House prices tumble 10.5%

House in nest

House prices have fallen by 10.5% since last year as negative sentiment effectively freezes the market.

The latest Nationwide house price index shows the pace of house price falls did ease up slightly in August, with a quarterly fall of 4.5% as opposed to the drop of 4.6% seen in July. However, on a yearly basis, house prices have now fallen by 10.5% bringing the average price tag to £164,654.

Nationwide, the UK’s largest building society, blames continuing falls on “subdued” housing transactions and restricted lending. And despite estate agents reporting a return of buyer interest, Nationwide points out that house builders are suffering “significant” falls in business despite offering big sale incentives.

Fionnuala Earley, chief economist at Nationwide, says the falls justify falls in interest rates.

“There is still a great deal of uncertainty, but the Bank of England’s forecasts of growth and inflation have been widely interpreted as opening the door to rate cuts,” she adds. “We expect the next move in the Bank of England base rate to be down, but the extent to which this will revive the mortgage and housing market is likely to be limited while overall confidence in economic and housing market conditions is low.”

The data has sparked new speculation over how far prices will fall.

Peter Newland, an economist at Lehman Brothers, says: “The risks to our forecast of a 15% decline in house prices over the course of 2008 and 2009 are now squarely to the downside… We continue to expect the Bank of England to cut rates before the end of the year.”

House building

The poor health of the housing market was
confirmed this week with two large housebuilders reporting challenging conditions and falling profits.

At the start of the week Bovis Homes, Britain’s fifth biggest housebuilder, said it was experiencing its toughest period of trading ever, with profits down 84%. And Taylor Wimpey has also admitted losses of £1.5 million as “challenging” conditions in the UK, US and Spain hit its revenue hard.

David Ritchie, chief executive of Bovis, says the firm sees no end in sight for the downturn as a lack of mortgage lending continues to restrict people’s ability to buy a home.

And Pete Redfern, chief executive of Taylor Wimpey, says: “While conditions are likely to remain tough in both the UK and the US in the short-term, we are maintaining momentum in the UK and we have seen pockets of stabilisation in the US. We believe that both markets continue to be attractive on a longer-term view."

Mortgage lending

The latest figures from the high street banks show that mortgage lending actually increased slightly in June and July following months of restricted activity.

British Bankers’ Association (BBA), which compiled the figures, says lending rose by £4.3 billion in July, but that the number of mortgages approved for house purchase continues to be “very low” while remortgaging activity has fallen.

Despite lending leveling off in July, David Dooks, director of statistics at the BBA, says: ”It would be premature to think that the housing market will now start to recover, because overall approval activity continues to be very low. “

Meanwhile, research from price comparison website,, suggests total mortgage lending and unsecured personal loans plummeted by £11 billion from the second quarter of 2007 to the same period in 2008.

And comparing the 12-month period to July 2007 and to July 2008, mortgage lending appears to have dropped by almost £20 billion.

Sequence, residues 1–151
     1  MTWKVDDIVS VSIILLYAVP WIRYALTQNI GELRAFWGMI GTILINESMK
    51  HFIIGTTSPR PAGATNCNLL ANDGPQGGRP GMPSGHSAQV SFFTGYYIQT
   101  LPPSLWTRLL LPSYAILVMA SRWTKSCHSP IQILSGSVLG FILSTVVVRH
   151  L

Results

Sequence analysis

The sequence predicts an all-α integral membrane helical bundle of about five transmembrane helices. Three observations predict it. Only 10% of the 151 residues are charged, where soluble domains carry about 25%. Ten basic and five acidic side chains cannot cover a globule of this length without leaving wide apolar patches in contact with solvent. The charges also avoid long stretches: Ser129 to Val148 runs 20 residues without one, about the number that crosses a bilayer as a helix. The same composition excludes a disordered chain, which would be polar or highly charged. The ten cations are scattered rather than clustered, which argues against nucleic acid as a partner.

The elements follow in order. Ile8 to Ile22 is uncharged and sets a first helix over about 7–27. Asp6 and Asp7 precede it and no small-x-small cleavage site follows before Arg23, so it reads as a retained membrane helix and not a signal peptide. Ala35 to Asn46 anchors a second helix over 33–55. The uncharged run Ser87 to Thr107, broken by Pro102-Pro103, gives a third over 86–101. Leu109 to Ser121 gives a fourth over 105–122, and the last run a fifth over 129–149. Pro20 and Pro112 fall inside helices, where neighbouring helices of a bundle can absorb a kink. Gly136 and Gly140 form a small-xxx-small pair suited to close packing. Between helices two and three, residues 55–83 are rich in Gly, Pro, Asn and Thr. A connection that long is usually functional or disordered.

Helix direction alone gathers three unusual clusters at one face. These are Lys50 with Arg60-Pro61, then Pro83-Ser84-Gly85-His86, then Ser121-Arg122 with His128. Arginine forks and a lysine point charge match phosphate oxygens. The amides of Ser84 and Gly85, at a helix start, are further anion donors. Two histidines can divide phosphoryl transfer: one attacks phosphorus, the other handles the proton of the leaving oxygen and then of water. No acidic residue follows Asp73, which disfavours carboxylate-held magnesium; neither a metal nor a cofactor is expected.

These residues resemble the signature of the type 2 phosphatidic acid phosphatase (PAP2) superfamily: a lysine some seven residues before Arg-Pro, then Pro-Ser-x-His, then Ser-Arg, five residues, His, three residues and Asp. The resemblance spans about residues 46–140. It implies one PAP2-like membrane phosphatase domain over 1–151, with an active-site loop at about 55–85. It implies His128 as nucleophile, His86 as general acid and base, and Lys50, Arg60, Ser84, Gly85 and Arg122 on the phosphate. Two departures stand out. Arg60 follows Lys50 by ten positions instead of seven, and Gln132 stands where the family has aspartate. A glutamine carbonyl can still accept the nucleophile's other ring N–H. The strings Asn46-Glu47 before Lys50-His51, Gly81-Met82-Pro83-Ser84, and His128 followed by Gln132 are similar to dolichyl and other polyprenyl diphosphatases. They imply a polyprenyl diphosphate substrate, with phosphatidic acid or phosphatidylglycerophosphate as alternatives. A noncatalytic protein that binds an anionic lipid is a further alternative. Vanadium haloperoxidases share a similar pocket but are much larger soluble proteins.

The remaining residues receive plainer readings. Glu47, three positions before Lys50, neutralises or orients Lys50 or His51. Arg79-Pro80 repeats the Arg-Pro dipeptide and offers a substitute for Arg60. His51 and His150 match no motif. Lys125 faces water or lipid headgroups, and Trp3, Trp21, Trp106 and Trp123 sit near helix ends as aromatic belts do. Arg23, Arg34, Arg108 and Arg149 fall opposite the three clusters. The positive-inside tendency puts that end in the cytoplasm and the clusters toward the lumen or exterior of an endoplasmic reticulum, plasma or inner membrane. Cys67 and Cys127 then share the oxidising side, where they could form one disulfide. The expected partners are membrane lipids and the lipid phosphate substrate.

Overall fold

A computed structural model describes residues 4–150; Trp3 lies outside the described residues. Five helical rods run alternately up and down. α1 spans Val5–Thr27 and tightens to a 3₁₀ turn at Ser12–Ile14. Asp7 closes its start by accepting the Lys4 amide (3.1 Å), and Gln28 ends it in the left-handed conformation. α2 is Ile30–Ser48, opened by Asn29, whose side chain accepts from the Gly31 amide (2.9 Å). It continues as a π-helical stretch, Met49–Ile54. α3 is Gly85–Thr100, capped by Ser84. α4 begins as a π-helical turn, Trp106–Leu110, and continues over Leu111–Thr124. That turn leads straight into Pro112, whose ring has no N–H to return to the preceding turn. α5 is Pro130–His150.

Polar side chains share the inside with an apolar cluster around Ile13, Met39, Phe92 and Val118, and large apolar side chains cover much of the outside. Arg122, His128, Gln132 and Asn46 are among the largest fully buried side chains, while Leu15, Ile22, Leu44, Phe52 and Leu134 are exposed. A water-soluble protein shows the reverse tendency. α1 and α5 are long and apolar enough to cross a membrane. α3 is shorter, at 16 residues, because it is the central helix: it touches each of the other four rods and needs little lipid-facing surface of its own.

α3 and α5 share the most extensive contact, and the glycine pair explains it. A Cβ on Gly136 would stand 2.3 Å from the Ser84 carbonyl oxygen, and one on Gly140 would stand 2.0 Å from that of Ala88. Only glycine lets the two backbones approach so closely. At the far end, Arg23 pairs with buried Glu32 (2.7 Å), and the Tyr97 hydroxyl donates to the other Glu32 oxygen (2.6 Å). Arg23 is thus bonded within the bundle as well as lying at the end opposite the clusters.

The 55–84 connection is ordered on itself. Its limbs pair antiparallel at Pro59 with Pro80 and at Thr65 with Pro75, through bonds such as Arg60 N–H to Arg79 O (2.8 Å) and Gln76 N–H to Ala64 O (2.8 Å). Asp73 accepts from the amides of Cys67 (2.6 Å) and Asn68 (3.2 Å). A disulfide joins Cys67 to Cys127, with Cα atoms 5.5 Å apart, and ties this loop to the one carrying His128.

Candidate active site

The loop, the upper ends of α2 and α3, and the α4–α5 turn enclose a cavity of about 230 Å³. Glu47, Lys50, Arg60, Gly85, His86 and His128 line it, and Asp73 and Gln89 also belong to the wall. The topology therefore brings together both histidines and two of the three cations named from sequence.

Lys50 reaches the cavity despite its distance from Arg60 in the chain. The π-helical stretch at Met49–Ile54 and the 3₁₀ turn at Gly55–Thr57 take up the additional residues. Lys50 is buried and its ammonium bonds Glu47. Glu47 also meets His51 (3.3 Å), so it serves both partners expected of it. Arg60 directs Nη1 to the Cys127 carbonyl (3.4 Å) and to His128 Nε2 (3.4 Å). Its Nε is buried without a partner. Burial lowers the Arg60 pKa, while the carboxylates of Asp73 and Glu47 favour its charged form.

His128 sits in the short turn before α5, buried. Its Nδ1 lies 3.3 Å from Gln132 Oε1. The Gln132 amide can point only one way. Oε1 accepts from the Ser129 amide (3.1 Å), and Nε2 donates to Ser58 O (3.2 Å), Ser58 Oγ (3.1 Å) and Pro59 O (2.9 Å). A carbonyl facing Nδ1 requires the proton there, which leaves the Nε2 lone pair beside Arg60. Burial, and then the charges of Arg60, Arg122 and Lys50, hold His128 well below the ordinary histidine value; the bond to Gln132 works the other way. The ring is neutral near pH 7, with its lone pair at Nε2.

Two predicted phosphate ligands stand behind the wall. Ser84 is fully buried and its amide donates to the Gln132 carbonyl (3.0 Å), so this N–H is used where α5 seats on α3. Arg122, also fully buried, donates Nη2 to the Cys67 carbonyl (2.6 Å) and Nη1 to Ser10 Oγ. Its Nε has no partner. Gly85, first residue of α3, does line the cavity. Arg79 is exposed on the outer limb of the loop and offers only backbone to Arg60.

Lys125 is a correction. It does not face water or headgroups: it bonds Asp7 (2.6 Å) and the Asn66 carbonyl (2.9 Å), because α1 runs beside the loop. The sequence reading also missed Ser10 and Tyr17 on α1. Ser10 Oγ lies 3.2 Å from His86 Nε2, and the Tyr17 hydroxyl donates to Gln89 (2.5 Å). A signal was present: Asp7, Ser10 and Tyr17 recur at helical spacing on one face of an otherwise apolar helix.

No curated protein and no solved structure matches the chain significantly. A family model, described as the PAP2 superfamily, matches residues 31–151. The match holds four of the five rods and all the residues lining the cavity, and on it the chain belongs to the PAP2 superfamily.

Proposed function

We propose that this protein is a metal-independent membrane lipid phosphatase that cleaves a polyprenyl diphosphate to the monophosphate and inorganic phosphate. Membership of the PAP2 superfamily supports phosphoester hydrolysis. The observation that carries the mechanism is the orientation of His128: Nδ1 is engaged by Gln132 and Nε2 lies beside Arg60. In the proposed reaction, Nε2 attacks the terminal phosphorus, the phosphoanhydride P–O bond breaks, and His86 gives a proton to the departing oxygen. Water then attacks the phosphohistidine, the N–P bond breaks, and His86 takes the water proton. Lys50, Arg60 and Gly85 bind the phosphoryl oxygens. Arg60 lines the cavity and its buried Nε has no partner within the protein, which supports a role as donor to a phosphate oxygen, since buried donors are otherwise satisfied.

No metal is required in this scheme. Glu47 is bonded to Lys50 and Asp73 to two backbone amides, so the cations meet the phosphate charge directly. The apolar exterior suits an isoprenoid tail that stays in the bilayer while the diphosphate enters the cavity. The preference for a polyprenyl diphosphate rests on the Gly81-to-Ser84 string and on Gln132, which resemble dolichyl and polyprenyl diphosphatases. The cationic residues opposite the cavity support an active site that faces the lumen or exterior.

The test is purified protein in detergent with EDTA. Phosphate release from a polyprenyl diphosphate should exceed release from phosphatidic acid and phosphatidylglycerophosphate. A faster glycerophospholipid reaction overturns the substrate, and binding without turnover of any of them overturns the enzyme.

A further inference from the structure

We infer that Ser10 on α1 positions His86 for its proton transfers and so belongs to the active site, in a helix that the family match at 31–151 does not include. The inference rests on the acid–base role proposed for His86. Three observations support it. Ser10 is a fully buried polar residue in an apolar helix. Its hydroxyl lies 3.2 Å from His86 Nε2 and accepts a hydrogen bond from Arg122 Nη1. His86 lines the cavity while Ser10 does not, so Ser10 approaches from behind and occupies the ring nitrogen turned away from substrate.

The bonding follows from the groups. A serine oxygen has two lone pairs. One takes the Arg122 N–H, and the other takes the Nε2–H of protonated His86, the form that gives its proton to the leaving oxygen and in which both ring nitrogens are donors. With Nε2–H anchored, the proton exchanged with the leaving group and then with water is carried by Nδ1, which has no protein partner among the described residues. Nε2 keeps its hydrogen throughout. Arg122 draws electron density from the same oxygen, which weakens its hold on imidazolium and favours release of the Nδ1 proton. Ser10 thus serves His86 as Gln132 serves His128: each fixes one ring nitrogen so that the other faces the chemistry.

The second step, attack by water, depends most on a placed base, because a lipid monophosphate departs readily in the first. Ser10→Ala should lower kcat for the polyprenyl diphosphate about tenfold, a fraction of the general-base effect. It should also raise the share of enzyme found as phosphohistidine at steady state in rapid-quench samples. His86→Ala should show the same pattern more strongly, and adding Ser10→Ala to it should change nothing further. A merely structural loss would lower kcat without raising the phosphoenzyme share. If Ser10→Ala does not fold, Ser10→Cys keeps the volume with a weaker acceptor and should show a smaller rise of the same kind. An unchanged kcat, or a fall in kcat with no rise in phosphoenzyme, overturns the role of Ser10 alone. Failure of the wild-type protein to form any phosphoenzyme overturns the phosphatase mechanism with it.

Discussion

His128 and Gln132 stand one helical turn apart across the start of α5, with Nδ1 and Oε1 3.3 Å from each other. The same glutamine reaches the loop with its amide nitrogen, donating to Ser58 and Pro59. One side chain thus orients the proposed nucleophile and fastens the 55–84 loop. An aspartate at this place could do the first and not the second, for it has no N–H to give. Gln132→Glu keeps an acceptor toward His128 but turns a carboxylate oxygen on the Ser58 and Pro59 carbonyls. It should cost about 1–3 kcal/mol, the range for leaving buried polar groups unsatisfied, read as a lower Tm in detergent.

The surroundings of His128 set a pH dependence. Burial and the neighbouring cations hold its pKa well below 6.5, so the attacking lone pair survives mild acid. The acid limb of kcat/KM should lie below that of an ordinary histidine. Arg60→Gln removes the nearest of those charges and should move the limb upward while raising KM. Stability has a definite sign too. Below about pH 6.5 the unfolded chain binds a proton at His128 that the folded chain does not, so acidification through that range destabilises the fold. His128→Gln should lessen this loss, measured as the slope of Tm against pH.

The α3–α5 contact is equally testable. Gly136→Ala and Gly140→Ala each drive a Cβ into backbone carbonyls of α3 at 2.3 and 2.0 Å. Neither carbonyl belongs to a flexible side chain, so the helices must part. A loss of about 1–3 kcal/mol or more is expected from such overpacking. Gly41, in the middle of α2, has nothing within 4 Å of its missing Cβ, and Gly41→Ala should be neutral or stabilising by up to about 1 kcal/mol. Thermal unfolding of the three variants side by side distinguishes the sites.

Simeon Linstead, head of personal finance at, says: “Both mortgage lending and unsecured loans are drying up by the day. For those with perfect credit records, it’s unlikely this will be an issue, but for others it could be problematic. In response to this, it seems consumers
are turning to credit card providers for extra cash.”

Even buy-to-let, which has seen a slight boom thanks to landlords taking advantage of lower house prices, continues to be constrained by lending restrictions.

The Council of Mortgage Lenders says the number
of buy-to-let loans now stands at over 1.1 million, with more than 144,000 new mortgages taken out in the first half of this year.

But the fact that many buy-to-let lenders rely on wholesale loans (rather than retail deposits such as saving accounts) to fund their lending, means that growth in the buy-to-let market is being held back.


Although mortgage rates have fallen off over the last few weeks, lending criteria remains tough especially where deposit requirements are concerned.

New research reveals homebuyers now need at least £40,000 spare cash to put down as a deposit if they want to secure one of the more competitive mortgage deals.

With most lenders only offering their cheapest mortgages to people with large deposits, the amount of deposit required from borrowers has soared 43% since last year.

Buyers in the North East (where house prices are lower) require the smallest deposit while those in London need to fork out the most. In fact, buyers looking for a cheap mortgage deal need to be able to put down £71,616 in order to qualify.

According to, just one year ago most best-buy mortgages required an average deposit equal to 11.75% of a property’s value. Since then, however, lenders have become more demanding and the average deposit required for a best-buy mortgage is now 20.75%.

For two-year fixed-rate deals, often the most popular, you’ll now need a deposit of 23%.

Francis Ghiloni, a director at, says: “Availability of mortgage deals remains the biggest issue for borrowers who do not have equity in their homes. Those who have benefited from the decade-long housing boom can still qualify for the most competitive rates.

"However, first-time buyers or those who have entered the property market recently will struggle to qualify for the most competitive rates.”